Where to Eat Now in...Shimokitazawa

By Time Out Tokyo
December 31,2016
Time Out Tokyo

Time Out Tokyo is the Tokyo edition of Time Out, a London-based global media group covering 108 cities in 39 countries, from New York to Shanghai and Kuala Lumpur.

With Tokyo's hipster central (sorry Koenji) seemingly being graced by new openings every other week, we thought it was high time to lend you a helping hand when it comes to satisfying your in-vogue food cravings. Check out our new top picks for 2017 below, and keep your eyes peeled for more upstarts in the months to come.

Top new eats in Shimokita

Shimokitazawa Cage

Shimokitazawa Cage is an extended pop-up street food and event space which is set to run until 2019 underneath the raised railway tracks a stone’s throw from the station. Beyond the prison-like wire fence lies some of the city’s finest food trucks – in the past, these have included the Good Hood Food truck, which dishes out succulent and fiery pork and chicken tacos freshly prepared on the spot, and carts serving up New York-style hot dogs and rhapsody-inducing bánh mì.

This article originally appeared on Time Out Tokyo

Vendors change regularly, so follow the Cage on social media for the latest lineup. To quench your thirst, you have the Mikkeller pop up bar serving hipster craft beers on tap including Beer Geek Big Blend (a hearty Oatmeal Stout) and the cheeky Imp Stout, Black Hole.

There’s more to the Cage than gluttony though, as you can also browse vintage items, books, board games and knickknacks from the flea markets or get your fortune told by the resident mystic. For a bit more culture, check out the timetable for regular film screenings, art exhibitions and musical performances. It’s the sort of cage you’d volunteer to be stuck in.

Ramen Nagi

Nagi Niboshio Ramen is a popular chain which, as the name suggests, serves piping hot ramen bowls. Their new Shimokita outpost is the size of a parking space and pulls in noodle-lovers with its no-fuss menu. Cheap and cheerful, you're welcomed with the sound of happy diners loudly slurping on thick bouncy noodles swimming in a rich, flavourful umami anchovy broth. You can select a lighter broth too, but the former is recommended by the staff (and who are we to argue with them).

Huge round slices of fatty char siu pork is the topping of choice, while other options include scallions and salted boiled eggs. Pots filled with mini anchovies are placed on the table should you wish to use them as a garnish. If you're tired of ramen or want to try something different, they also serve rice dishes. Ordering is done via an easy-to-use machine and dishes usually arrive within five minutes from the open plan kitchen. This is Shimokitazawa’s go-to place for a quick satisfying bite and also doubles as the ultimate hangover cure. What's not to love?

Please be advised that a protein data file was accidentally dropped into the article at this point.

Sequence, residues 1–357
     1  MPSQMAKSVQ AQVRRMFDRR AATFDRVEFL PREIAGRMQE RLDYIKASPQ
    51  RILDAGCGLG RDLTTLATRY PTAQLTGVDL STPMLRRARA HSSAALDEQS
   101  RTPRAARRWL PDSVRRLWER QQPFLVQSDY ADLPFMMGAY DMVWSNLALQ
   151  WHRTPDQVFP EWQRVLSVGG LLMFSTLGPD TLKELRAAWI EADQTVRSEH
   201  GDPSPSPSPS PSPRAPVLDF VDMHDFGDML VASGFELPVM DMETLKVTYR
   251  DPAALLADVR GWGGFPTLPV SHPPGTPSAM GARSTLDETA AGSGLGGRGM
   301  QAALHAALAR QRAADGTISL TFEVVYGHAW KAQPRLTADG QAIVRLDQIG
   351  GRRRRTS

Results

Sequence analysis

The sweet of tooth rejoice – there’s a place just for you, where you can ditch the preambles of starters and main courses and go straight for dessert. Located three minutes from the station is Neue, a cosy restaurant that caters for around ten people at a time. Focusing solely on sweets is a masterstroke, as every item is an indulgent treat. Our current favourites are the nutty yet smooth pistachio crème brûlée, the perfectly executed flan and an indulgent chestnut and white chocolate parfait (pictured above) big enough for two. The tipple of choice is wine by the glass and the list is a cleverly curated selection of reds and whites. Neue is perfect for a catch-up and for those who want a mini restaurant safari having had other courses elsewhere. The place is open until midnight but still retains its relaxed and charming atmosphere, at least until the sugar crash kicks in.


Winter is upon us and hot comfort food is a must which explains why Sama, which only opened in October, has already established itself as one of Shimokitazawa’s essential eateries. The menu here is simple: soup curry, and lots of it. These bowls of hearty hybrid broth are generous in portion and warm you like a culinary cuddle. There are two options: chicken – which comes with a big, tender and well-seasoned chicken leg on the bone – or seafood. The curries start from 1,100 yen and come with a garden’s worth of vegetables including broccoli, carrots and baby corn (talk about stocking up on your five-a-day). The broth is the star though: it is rich, fragrant and has a great consistency.

Equally great for a quick bite and a stretched-out lunch, Sama is the kind of charming place that makes you want to become a regular and you’ll soon find yourself crossing town if needed to do just that.


Just when we thought the Tokyo pancake craze was over, the latter half of 2016 brought along a score of new ’cake shop openings. But something is different this time: instead of the thin Hawaiian-style creations offered by the likes of city favourites Cafe Kaila and Eggs’n Things, these upstarts are serving up super-fluffy fare made with ricotta, buttermilk or meringue.

Joining competitors like Gram and A Happy Pancake, both of which now operate several branches in Tokyo, is this Shimokita joint that charms batter-lovers with pancakes topped simply with fruit or the shop’s original maple butter cream.

Although Flipper’s may no longer see the kind of mind-boggling queues we witnessed in summer, it’s still a very popular spot, so don’t expect to just walk in – especially on weekends. But if you have the patience, getting in line for some of Tokyo’s most Instagrammable desserts will be well worth it.

(Reviews by Elsa Messi and Time Out Tokyo editors)

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